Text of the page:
Competition Law & Intellectual Property

Subject LAWS70208 (2016)

Note: This is an archived Handbook entry from 2016.

Credit Points: 12.5
Level: 7 (Graduate/Postgraduate)
Dates & Locations:

This subject is not offered in 2016.

Time Commitment: Contact Hours: The total class time is between 24 and 26 hours.
Total Time Commitment:

The pre-teaching period commences four weeks before the subject commencement date. From this time, students are expected to access and review the Reading Guide that will be available from the LMS subject page and the subject materials provided by the subject coordinator, which will be available from Melbourne Law School. Refer to the Reading Guide for confirmation of which resources need to be read and what other preparation is required before the teaching period commences.

Prerequisites: None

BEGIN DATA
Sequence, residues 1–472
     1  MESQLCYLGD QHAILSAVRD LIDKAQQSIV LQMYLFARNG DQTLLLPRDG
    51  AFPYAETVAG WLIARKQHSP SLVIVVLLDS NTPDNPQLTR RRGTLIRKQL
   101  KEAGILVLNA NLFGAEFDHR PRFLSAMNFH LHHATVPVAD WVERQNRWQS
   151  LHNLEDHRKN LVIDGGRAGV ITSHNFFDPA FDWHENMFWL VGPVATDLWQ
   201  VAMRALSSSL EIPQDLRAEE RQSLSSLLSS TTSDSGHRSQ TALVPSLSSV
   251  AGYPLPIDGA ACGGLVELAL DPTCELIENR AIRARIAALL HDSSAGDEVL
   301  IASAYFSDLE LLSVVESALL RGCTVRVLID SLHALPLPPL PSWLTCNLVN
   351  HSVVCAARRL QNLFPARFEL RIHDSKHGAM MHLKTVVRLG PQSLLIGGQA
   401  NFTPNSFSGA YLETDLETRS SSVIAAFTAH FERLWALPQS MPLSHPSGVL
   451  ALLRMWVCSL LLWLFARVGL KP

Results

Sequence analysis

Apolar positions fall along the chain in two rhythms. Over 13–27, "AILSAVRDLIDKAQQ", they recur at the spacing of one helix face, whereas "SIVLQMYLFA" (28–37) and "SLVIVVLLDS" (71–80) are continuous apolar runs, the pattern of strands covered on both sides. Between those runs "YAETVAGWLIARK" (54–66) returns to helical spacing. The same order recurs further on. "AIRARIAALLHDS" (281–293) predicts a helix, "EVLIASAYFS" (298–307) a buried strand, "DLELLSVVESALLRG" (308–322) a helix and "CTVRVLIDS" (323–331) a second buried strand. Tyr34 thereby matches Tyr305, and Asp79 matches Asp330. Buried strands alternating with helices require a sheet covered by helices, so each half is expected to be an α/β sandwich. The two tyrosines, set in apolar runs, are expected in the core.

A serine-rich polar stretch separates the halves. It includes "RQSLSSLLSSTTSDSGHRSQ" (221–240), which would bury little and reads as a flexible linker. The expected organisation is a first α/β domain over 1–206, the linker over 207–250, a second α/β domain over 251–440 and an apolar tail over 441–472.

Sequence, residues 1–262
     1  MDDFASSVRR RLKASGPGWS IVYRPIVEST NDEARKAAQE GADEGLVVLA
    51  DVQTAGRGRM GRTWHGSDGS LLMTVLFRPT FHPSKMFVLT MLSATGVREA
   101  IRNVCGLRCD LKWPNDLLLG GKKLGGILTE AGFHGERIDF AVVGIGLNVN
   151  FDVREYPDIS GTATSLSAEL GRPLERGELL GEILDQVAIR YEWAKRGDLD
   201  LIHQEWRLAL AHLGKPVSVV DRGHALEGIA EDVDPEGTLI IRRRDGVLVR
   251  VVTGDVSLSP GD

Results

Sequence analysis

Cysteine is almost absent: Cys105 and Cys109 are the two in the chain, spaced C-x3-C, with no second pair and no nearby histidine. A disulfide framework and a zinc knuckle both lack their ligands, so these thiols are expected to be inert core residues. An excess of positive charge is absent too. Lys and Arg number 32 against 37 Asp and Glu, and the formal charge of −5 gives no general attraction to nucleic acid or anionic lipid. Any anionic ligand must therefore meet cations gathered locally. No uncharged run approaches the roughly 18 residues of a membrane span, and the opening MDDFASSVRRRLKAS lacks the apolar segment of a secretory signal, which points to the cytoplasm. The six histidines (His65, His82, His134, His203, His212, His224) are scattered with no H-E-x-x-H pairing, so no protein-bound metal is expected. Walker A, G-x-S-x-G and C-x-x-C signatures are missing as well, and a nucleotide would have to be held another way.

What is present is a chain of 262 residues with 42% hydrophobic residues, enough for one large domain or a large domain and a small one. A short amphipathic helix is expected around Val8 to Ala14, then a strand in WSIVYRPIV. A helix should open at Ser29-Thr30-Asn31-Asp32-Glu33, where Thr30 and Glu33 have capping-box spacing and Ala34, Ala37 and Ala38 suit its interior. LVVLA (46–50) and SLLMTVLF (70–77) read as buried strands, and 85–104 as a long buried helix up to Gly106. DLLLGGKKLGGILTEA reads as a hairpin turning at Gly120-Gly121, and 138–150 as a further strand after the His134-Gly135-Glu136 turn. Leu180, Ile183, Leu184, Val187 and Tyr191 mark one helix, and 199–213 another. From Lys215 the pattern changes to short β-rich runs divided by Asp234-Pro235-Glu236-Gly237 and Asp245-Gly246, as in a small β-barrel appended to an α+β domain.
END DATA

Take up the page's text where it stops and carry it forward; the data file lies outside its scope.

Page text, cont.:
Corequisites: None
Recommended Background Knowledge:

Applicants without legal qualifications should note that subjects are offered in the discipline of law at an advanced graduate level. While every effort will be made to meet the needs of students trained in other fields, concessions will not be made in the general level of instruction or assessment. Most subjects assume the knowledge usually acquired in a degree in law (LLB, JD or equivalent). Applicants should note that admission to some subjects in the Melbourne Law Masters will be dependent upon the individual applicant’s educational background and professional experience.

Non Allowed Subjects: None
Core Participation Requirements:

The Melbourne Law Masters welcomes applications from students with disabilities. The inherent academic requirements for study in the Melbourne Law Masters are:

  • The ability to attend a minimum of 75% of classes and actively engage in the analysis and critique of complex materials and debate;